Oct 13, 2014; Charlotte, NC, USA; Charlotte Hornets guard P.J. Hairston (19) shoots the ball while Orlando Magic guard Ben Gordon (7) defends during the second half at Time Warner Cable Arena. Hornets defeated the Magic 99-97. Mandatory Credit: Jeremy Brevard-USA TODAY Sports

P.J. Hairston will have to earn his playing time. Head Coach Steve Clifford has repeatedly said that he plans to have a four-man wing rotation, meaning that Hairston looks to be the odd man out. Hairston’s tenure as a Hornet has been uneven. His summer began with a physical altercation at a Durham YMCA and the realization his agent wasn’t actually authorized by the NBA. Hairston has looked every bit of a rotation player offensively during the preseason, but his lackadaisical defense effort won’t cut it in Clifford’s system.

It still isn’t clear what Gerald Henderson‘s role will be. I can’t really imagine Henderson starting given how well Michael Kidd-Gilchrist played in the preseason. I’m also skeptical of how Henderson will fit in with the second unit. Henderson should complement Gary Neal offensively, but that duo will not be especially strong on defense. I suspect Clifford will eventually settle on a rotation that integrates Henderson with the starters and lets Stephenson anchor the second unit. If Charlotte starts slowly, and Henderson has trouble with his new role, don’t be surprised to see the Hornets trade their longest-tenured player for help elsewhere (probably a big man if Zeller is slow out of the gate).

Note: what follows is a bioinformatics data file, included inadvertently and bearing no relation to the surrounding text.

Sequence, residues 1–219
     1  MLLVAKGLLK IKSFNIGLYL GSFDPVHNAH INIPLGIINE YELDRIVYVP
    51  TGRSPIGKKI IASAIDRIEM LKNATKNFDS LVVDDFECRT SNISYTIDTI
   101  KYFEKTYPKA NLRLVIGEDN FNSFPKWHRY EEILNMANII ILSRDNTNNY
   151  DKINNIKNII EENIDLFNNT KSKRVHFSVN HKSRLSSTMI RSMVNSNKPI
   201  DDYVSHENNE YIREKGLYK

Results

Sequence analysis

Lance Stephenson will….hopefully be a superstar, possibly a major distraction, maybe a disappointment and probably an above-average shooting guard who isn’t quite an All-Star.

I’ve been on the “Born Ready” bandwagon for a long time and was thrilled when the Hornets signed him over the summer. I had dreams of a Kemba-Lance-MKG backcourt terrorizing the East with stellar defense, great ball movement and offensive firepower. More than anything, I knew that the Hornets had to get better to remain a playoff team in the East. By my count, there are at least ten teams competing for a  playoff berth, eleven if you count the Pacers. The Hornets simply had to get better to remain in the conversation.

Oct 8, 2014; Philadelphia, PA, USA; Charlotte Hornets guard Lance Stephenson (1) dribbles the ball against the Philadelphia 76ers at the Wells Fargo Center. The 76ers defeated the Hornets 106-92. Mandatory Credit: Bill Streicher-USA TODAY Sports

Where do we go from here? As the season is set to begin, I wonder how much better the Hornets are than last season. I have no doubt the Hornets are more talented than the Bobcats. Lance Stephenson, Marvin Williams and Brian Roberts are certainly better than Josh McRoberts, Chris Douglas-Roberts and Luke Ridnour.

But the Bobcats played last season with no expectations, and used an incredible blend of selfless offense, tenacious defense and remarkable team chemistry to defy the odds and make the playoffs.

Now, the Charlotte Hornets have real expectations. You won’t find a predictions column that has the Hornets out of the playoffs. The buzz today is not just about making the playoffs, but about winning a series or two. Do I still think the Hornets make the playoffs and win a series? Yes. Does that mean they will? Absolutely not.

The Bobcats exceeded expectations last season. Now the Hornets will find out how hard it is to simply meet expectations in the NBA.